You will also need to replace your septic tank. If it’s not permitted, they are going to make you tear it out and start over.  

Also, is the electrical panel sized up enough to handle the dedicated circuit to the water tank and the electrical devices you will be bringing to the property?  

Hi Robert,
We live in an HOA and we are being told that the L.A. County Sheriff’s Department is requiring a key be provided so they and emergency vehicles enter the property. Is that true?  
Lynn D.


Hi Lynn,
Yes that’s true. We discussed Knox boxes briefly above. More and more, we’re seeing these boxes being made available for fire, police and emergency personnel.

Call the Santa Clarita Valley Sheriff’s Station and ask what you need to do to remain in compliance. There are two or three locksmiths here in the SCV who are authorized to sell the lock, then you can have your gate contractor install the boxes for you.  

Hi Robert,

Is there any reason I can’t use a flat roof for sunning?  
Victoria W.

Hi Victoria,
Yes. This sounds like an accident waiting to happen. Or at the very least, you might cause the roof to leak.

There is a good chance that the roofing membrane of a flat roof is not designed for furniture or the weight of an individual that could push down on the surface and cause damage. Chairs push down into the hot membrane, which then dries, cracks and causes leaks.  

First of all, you need to make sure that the roof can take the load of pedestrian traffic. If so, how much traffic? Once people start accessing that area, you would need rails around the perimeter and it would have to be gated. This all may sound like overkill, but it’s important to take safety seriously.  

You might think that you’re the only one using the roof, but what if friends start joining you in this new hot spot you’ve discovered? Someone could get hurt if the proper safety precautions are not followed. This is one of the reasons there are codes. People often get hurt or killed when they don’t follow codes.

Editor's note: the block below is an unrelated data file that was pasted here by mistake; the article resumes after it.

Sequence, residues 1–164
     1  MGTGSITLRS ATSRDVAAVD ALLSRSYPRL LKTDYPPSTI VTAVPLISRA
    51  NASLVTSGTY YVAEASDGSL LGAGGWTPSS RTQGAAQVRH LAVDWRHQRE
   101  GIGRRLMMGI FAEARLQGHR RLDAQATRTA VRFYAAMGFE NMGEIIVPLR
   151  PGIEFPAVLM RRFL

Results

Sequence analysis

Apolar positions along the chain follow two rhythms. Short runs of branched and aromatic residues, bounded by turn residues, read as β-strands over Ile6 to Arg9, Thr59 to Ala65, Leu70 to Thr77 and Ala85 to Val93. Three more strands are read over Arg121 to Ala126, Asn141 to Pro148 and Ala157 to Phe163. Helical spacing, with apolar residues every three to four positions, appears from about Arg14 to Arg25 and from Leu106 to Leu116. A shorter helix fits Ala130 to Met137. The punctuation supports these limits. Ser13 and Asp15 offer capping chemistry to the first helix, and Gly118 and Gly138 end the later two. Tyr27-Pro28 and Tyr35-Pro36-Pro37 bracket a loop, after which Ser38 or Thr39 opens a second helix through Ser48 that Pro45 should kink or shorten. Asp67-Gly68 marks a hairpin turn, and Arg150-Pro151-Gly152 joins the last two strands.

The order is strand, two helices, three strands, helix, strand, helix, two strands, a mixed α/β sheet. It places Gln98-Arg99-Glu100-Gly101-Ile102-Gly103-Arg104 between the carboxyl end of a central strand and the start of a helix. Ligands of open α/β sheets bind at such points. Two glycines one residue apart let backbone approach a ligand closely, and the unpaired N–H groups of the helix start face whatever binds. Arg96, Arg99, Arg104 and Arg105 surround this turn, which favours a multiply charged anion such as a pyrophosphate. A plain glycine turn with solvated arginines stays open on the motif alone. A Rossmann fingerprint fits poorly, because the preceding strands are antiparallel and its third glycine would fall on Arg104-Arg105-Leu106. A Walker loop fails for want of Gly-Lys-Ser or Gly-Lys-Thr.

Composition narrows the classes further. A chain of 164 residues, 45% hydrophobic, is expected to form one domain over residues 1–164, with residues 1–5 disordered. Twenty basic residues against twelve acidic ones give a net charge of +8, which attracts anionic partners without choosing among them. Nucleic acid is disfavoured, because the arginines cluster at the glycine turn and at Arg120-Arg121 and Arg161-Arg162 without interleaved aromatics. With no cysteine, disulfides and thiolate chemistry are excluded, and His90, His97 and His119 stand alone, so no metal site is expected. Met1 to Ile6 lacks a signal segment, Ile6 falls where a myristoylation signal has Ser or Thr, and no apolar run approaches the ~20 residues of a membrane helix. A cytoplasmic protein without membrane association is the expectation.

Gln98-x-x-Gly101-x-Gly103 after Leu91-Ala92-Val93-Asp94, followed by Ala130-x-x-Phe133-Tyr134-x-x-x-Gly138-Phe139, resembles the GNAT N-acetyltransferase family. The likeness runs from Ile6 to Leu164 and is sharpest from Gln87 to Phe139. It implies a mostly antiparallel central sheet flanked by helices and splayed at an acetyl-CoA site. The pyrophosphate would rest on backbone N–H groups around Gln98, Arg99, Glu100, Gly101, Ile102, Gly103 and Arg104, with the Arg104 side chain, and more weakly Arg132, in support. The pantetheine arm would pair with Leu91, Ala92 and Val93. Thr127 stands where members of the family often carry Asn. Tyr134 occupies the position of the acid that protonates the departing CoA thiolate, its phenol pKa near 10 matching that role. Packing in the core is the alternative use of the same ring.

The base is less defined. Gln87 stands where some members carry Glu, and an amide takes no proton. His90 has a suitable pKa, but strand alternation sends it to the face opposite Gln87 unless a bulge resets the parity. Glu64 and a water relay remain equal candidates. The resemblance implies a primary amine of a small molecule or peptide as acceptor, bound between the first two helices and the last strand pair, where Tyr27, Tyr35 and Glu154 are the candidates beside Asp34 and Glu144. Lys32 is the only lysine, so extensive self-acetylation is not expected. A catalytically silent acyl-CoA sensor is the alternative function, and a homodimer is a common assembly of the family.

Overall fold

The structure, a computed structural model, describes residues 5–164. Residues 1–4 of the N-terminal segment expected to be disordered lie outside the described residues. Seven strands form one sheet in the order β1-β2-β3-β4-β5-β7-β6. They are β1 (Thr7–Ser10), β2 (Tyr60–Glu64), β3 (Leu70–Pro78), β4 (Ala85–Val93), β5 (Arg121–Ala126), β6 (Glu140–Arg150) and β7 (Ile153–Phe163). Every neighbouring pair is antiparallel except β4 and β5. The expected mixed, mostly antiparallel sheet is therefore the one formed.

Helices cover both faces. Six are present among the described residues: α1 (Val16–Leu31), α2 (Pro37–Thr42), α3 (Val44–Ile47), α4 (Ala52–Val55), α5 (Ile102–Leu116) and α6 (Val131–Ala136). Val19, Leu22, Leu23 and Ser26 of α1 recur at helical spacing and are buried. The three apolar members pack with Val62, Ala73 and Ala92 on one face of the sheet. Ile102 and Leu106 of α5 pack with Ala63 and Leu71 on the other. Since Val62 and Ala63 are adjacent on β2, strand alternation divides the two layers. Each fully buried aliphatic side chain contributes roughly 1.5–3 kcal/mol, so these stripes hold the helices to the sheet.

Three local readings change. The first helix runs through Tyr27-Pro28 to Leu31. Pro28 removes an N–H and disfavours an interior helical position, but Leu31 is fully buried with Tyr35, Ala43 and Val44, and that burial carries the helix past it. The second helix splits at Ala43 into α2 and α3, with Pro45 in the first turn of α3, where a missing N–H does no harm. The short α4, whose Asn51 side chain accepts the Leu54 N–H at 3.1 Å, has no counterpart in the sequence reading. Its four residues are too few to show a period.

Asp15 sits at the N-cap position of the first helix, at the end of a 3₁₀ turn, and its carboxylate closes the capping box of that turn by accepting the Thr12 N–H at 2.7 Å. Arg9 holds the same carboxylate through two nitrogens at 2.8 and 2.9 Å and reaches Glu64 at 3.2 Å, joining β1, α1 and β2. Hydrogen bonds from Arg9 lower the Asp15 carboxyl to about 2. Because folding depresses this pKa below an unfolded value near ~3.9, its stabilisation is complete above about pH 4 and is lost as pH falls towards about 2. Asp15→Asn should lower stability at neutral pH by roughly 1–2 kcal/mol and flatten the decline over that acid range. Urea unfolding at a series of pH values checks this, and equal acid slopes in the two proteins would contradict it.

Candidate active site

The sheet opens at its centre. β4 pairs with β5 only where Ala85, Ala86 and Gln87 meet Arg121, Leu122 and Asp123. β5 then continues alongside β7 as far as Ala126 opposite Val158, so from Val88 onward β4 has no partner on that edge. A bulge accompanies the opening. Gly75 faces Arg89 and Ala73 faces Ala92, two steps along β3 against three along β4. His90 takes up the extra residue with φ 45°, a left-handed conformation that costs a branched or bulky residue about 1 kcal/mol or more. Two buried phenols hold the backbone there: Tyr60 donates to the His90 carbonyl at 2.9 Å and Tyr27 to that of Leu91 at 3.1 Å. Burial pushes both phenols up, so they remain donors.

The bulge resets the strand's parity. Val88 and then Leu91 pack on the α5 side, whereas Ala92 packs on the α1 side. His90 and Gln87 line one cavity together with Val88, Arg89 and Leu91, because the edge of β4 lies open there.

Falls make up a high percentage of the number of deaths each year. In this case, it would be very easy to fall off the roof or fall through the roof.

The first step would be to get an architect who can tell you if the roof is rated for pedestrian traffic. If it is, you would need to convert the roof to a deck — all of which requires permits.  

Bottom line would be, unless you go through the building department, get an architect to come out, pay the fees, go through the proper authorities for the permits and do the work, I would recommend staying off of the roof.  

We have designed a custom, full-color The Signal/Your Home Improvements T-shirt we would like to give you if we answer your question in our column.

Robert Lamoureux has 25 years experience as a general contractor, with separate licenses in electrical and plumbing contacting. He owns IMS Construction Inc. in Valencia. His opinions are his own, and not necessarily those of The Signal. Opinions expressed in this column are not meant to replace the recommendations of a qualified contractor, after that contractor has made a thorough visual inspection. Questions to Robert@IMSConstruction.com.